Four reasons why female teachers are paid less than men

Rebecca Allen. 

The teaching profession in England remains dominated by women, but as they accumulate experience in the classroom their pay gradually falls behind that of men. By the time secondary school teachers have accumulated 20 years of experience, men are earning almost £50,000 per annum yet women are earning under £45,000 per annum. In the primary phase the gap is larger, with men earning over £51,000 compared to women at just below £43,000. Data from seven years of the School Workforce Census, combined with a survey of over 2,000 teachers via the Teacher Tapp survey app provides some explanations for how this pay gap occurs.

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1.    Female teachers are less likely to reach leadership positions

Only a minority of teachers ever proceed to senior leadership positions. For example, in School Workforce Census in November 2016, for those with over 30 years of experience, 67% of men and 74% of women are still classroom teachers. However, as the chart below shows, men do make it into senior leadership posts at much higher rates than women.

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2.    Men make it to leadership positions much earlier in their career

For those women who do decide to apply for senior leadership posts, their appointments tend to come much later in their career. Here we track three groups of teachers who are achieving their first promotions in the summer of 2011, and watch what happens to them during the next five years of their career. They are those who are:

  • (Full-time) classroom teachers in November 2010 and (full-time) Assistant Heads by November 2011
  • (Full-time) Assistant Heads in November 2010 and (full-time) Deputy Heads by November 2011
  • (Full-time) Deputy Heads in November 2010 and (full-time) Headteachers by November 2011

The chart below shows that for each of these three cohorts, the men have far fewer years of experience than their counterparts when they achieve a promotion into a new senior leadership role.

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One explanatory factor seems to be male teachers’ willingness to move schools for the promotion. It seems likely (though we cannot tell here) that they are proactively seeking out promotions in new schools rather than awaiting a vacancy in their existing school.

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3.    Women achieve less good wages at promotion to headship

We can observe no differences in salaries achieved on first promotion to Assistant Head or Deputy Head, once we control for phase, region, age, experience and tenure in school. However, there are differences in initial wage achieved as a newly-appointed Headteacher, with male teachers achieving a £1000 greater salary, after taking account of phase, region, age, experience and tenure in school.

We cannot observe the wage bargaining process in the School Workforce Census, but last week we asked a sample of over 2000 teachers in English schools about their attitudes to pay negotiation. Male respondents were 10 percentage points more likely to report that they have in the past argued for a higher wage than was initially offered to them.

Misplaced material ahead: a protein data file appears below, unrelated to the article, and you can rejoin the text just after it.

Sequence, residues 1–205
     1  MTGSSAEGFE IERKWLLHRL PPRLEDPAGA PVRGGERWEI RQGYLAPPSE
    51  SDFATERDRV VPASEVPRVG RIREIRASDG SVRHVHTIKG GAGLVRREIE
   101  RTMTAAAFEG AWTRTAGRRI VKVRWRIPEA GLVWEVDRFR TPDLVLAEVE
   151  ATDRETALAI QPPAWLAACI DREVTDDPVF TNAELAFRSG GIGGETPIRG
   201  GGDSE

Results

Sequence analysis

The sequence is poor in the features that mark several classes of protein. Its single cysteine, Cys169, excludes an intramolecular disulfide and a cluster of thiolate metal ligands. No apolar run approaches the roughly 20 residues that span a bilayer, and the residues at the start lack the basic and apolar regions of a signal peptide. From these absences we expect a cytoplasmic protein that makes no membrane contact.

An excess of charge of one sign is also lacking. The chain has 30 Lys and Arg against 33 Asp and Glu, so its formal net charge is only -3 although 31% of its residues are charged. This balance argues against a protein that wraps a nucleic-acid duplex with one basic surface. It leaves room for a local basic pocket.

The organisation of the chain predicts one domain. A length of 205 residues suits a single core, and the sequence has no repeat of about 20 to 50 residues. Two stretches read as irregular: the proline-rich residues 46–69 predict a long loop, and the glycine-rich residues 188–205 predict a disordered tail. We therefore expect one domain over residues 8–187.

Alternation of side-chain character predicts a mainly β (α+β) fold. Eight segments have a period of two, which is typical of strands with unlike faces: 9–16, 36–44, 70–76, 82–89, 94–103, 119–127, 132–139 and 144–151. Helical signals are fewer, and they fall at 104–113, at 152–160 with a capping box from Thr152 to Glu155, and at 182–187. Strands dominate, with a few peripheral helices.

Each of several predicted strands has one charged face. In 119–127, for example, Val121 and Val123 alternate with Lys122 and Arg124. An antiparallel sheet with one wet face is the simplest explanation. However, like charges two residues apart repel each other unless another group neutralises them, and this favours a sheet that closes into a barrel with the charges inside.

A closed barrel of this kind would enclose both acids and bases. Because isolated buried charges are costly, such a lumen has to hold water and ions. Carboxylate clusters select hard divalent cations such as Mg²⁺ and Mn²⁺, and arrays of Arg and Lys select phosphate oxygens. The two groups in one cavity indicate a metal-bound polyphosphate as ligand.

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Teacher Tapp survey date 13/06/18; N=2,307

Moreover, when we asked whether the teacher would feel uncomfortable arguing for a higher salary than initially offered, women were much more likely to say that they were and this unwillingness to wage-bargain was highly pronounced amongst those who are headteachers. This is precisely the group where the pay scales allow considerable discretion in earnings.

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Teacher Tapp survey date 12/06/18; N=2,348

4.    Women are more likely to slip back into more junior roles after achieving promotion

As we track what happens to these three cohorts achieving their first promotions to new posts, we find their roles five years later are quite different. In each case, the women are much less likely to have secured a further promotion, are more likely to have slipped back into a lower teaching post and are more likely to be no longer teaching in a state-funded school. This has a significant impact on the wage gap between male and female teachers.

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Conclusion

The pay gap for teachers by the time they have accumulated 20 years of experience is considerable, at over £8,000 in the primary phase and £5,000 in the secondary phase. In part, this is explained by men achieving promotions to senior leadership much earlier in their career and then being far less likely to drop out or back down to a classroom position. When we compare those with 20 years of experience by seniority, we find a pay gap amongst classroom teachers in secondary schools, most likely because the men have taken on more responsibilities that attract pay increments. We find no pay difference amongst Assistant Heads, a modest pay gap amongst Deputy Heads and a large pay gap for Heads. Given the greater discretion in pay bargaining for these more senior posts, it is worth reviewing whether this process disadvantages female teachers who report they feel less able to advocate for a higher wage.

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Posted in Leadership and management, Teachers and teaching assistants

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